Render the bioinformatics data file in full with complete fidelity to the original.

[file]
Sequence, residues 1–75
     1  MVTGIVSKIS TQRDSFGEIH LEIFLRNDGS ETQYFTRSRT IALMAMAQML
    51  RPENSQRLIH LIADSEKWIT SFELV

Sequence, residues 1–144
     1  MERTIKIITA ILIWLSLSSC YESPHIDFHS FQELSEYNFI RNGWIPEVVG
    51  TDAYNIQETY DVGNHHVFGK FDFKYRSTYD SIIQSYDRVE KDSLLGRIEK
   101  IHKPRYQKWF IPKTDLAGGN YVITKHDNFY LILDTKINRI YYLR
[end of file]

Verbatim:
Sequence, residues 1–75
     1  MVTGIVSKIS TQRDSFGEIH LEIFLRNDGS ETQYFTRSRT IALMAMAQML
    51  RPENSQRLIH LIADSEKWIT SFELV

Sequence, residues 1–144
     1  MERTIKIITA ILIWLSLSSC YESPHIDFHS FQELSEYNFI RNGWIPEVVG
    51  TDAYNIQETY DVGNHHVFGK FDFKYRSTYD SIIQSYDRVE KDSLLGRIEK
   101  IHKPRYQKWF IPKTDLAGGN YVITKHDNFY LILDTKINRI YYLR